The $3.5 million California Institute for Regenerative Medicine (CIRM) funded stem cell biotechnology training program, at California State University Long Beach (CSULB), has three major goals. The first is educating the public about the medical, biological, and technological advances of stem cell research and recruiting new scientists into the workforce. The second is training the students in the theory and techniques of stem cell research. The third is retaining these trainees in the California workforce by providing specialized training and laboratory internships, which will lead to long-term career opportunities in stem cell research in California.
To educate non-scientists and to increase the number of informed California citizens in the theory and potential of stem cell research, a new course was developed at a local community college (Irvine Valley College) as a bridge to the CSULB program. At CSULB a stem cell/regenerative medicine module was added to the existing large, lower division, general education lecture course “Introduction to Human Diseases.” This may be the only life sciences course many students take in college and could initiate a life-long appreciation of the biological sciences, including stem cell technologies. Such an appreciation will have a significant impact on our society given the role of the voting population in the funding and promoting of advanced technologies.
To educate science students, two courses were developed, “Stem Cell Biology” and “Bioethics & Public Policy,” and have been integrated into the Biological Sciences curriculum. Any of the more than two thousand qualified students (meeting the course prerequisites) may enroll in these courses as part of their B.S., M.S, or Biotechnology Certificate program. The content from these courses should also be introduced to the general public as a number of the students enrolled in these classes were high school or junior high school science teachers.
Undergraduate, graduate, and post‐baccalaureate certificate students who excel in these courses, and demonstrate reliability and motivation, are encouraged to apply for the stem cell internship. Candidates are selected based on their performance in prerequisite courses, a resume, a personal statement, a letter of recommendation from their research advisor, and an interview. The California stem cell research workforce has been enhanced by the recruitment of up to ten students each year to enter this two-year stem cell training option, which was added to the existing Biotechnology Certificate Program. The first year is training at CSULB, and the second is CIRM-funded internships at stem cell host institutions. Once accepted, students meet regularly with a CSULB mentor‐advisor to ensure that the training they receive is consistent with their professional goals. The program has been full to capacity nearly every year since its inception in 2009 (seven cohorts). The students selected take a tissue culture/stem cell techniques course, which includes a week of intensive stem cell training at the University of Southern California (USC) or at Children’s Hospital Orange County (CHOC). The interns are “matched” with stem cell host laboratories at City of Hope (CoH) or University of California at Irvine (UCI) where they perform their ten‐month (two semester) full‐time internships. During their internships, the interns meet with mentors at CSULB who provide academic and professional support. The host PIs formally evaluate the students. This evaluation process includes completion of assessment forms and meetings with a CSULB internship mentor during site visits. At the beginning and end of the internship, the students evaluate their internship experience. Data from these evaluations are used to assess the students, to assess the program, and to identify areas for improvement.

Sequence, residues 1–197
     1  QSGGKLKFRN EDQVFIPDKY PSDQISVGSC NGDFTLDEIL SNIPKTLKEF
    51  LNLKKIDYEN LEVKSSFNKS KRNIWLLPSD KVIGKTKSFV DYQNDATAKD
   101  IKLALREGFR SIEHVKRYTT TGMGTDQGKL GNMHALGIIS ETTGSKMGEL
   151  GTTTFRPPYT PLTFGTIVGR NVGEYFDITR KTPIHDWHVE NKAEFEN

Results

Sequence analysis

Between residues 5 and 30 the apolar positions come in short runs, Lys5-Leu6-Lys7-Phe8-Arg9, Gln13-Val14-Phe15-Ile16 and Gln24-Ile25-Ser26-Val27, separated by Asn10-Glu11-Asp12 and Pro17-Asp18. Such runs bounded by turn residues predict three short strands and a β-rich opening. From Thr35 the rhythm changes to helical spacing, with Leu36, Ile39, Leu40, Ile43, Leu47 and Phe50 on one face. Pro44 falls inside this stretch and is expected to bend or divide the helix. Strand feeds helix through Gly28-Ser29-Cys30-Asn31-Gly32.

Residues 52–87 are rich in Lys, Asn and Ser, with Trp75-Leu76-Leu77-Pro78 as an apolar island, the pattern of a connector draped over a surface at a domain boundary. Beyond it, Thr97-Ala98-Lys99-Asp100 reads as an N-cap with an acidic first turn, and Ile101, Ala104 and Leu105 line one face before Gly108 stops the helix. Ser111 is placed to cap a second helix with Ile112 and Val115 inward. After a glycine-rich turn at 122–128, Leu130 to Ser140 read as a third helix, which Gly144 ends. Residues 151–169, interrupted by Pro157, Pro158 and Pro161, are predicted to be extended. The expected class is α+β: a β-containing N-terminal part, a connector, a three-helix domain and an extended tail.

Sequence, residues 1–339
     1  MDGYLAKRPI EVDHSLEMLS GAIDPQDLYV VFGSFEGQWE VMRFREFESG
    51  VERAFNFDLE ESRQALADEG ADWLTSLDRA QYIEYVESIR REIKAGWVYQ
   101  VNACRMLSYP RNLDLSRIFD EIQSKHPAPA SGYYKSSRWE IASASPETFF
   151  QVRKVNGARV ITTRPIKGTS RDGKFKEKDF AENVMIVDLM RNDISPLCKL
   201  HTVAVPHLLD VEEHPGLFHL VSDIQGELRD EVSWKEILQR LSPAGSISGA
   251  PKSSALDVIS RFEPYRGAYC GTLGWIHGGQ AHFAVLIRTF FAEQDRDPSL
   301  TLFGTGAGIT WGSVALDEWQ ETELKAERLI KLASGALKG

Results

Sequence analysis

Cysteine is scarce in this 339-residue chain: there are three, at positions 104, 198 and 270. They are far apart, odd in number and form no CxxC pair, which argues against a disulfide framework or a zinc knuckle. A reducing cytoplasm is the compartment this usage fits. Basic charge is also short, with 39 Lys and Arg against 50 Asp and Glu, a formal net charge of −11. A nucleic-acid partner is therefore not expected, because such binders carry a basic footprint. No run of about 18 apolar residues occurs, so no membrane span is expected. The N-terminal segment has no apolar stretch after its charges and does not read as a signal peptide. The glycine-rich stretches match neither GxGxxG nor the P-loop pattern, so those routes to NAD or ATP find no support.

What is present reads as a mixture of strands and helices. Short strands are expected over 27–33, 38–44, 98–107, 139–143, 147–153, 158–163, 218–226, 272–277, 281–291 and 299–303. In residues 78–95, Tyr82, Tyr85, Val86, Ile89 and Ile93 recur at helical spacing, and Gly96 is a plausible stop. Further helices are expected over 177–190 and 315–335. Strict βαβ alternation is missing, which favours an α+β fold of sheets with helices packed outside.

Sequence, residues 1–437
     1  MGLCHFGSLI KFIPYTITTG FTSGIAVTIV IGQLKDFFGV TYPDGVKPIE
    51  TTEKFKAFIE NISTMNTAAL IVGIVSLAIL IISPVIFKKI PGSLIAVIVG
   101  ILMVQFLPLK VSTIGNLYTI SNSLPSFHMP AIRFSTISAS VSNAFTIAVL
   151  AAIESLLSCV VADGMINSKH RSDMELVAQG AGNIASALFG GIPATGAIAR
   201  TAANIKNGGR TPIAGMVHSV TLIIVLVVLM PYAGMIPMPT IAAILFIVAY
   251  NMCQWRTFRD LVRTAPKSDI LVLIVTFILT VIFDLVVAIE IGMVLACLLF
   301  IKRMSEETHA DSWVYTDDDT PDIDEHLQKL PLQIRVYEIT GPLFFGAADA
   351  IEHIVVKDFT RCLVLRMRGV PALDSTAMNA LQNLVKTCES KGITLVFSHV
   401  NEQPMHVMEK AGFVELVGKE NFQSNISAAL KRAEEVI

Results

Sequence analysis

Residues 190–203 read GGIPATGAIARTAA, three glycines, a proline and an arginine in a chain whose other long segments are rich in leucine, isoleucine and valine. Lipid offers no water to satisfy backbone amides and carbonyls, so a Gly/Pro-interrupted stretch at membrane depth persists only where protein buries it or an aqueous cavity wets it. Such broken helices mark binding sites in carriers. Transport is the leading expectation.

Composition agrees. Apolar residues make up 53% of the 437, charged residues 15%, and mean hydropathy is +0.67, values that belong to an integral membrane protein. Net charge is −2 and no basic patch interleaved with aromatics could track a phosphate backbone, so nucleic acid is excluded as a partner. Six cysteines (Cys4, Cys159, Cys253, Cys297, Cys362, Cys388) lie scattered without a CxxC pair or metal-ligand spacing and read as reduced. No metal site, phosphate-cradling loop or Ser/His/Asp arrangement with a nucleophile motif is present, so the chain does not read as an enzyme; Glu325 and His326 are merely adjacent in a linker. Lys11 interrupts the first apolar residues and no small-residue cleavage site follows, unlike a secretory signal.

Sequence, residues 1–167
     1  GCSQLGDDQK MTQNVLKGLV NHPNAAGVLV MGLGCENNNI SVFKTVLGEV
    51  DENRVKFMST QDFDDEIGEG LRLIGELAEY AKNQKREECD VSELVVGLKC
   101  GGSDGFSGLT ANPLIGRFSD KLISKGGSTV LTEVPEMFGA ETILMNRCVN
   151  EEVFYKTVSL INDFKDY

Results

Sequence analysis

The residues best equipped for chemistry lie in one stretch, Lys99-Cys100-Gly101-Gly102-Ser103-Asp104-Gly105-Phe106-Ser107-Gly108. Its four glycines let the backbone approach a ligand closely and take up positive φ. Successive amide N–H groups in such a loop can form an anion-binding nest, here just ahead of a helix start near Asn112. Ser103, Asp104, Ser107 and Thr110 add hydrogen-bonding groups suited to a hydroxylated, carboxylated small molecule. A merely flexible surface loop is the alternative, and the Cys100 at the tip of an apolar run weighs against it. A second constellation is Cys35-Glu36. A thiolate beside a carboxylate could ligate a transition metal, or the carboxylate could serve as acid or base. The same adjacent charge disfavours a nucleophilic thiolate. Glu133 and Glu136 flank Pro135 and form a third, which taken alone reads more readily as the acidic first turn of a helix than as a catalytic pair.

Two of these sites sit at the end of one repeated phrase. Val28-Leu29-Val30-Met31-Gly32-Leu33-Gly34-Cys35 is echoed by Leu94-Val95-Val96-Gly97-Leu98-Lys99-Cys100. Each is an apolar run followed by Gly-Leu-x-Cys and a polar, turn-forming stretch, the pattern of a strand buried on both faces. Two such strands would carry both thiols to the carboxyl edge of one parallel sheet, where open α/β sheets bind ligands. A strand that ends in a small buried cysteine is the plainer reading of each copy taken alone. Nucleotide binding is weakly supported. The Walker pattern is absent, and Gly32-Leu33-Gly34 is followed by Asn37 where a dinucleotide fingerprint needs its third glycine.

Nearly one hundred percent of the students completing this program have been offered positions for further study or employment in the stem cell biotechnology workforce. Many of these students are currently employed in California as research technicians, others have continued their studies in M.S., Ph.D., or M.D. programs, and a few are teaching science. During the internship the students are involved in a variety of projects including exploring cures for brain cancer and leukemia, treating spinal cord injury, and basic research on stem cell biology. Their research as interns has contributed to many scientific publications and clinical trials. CSULB has a long history of successfully training large numbers of students for the California workforce and for graduate study. The CIRM-funded stem cell research biotechnology training program integrates well with the existing programs and dramatically augments the Biotechnology Certificate Program. Moreover, it generates highly technically trained individuals who will enhance future biomedical research in California.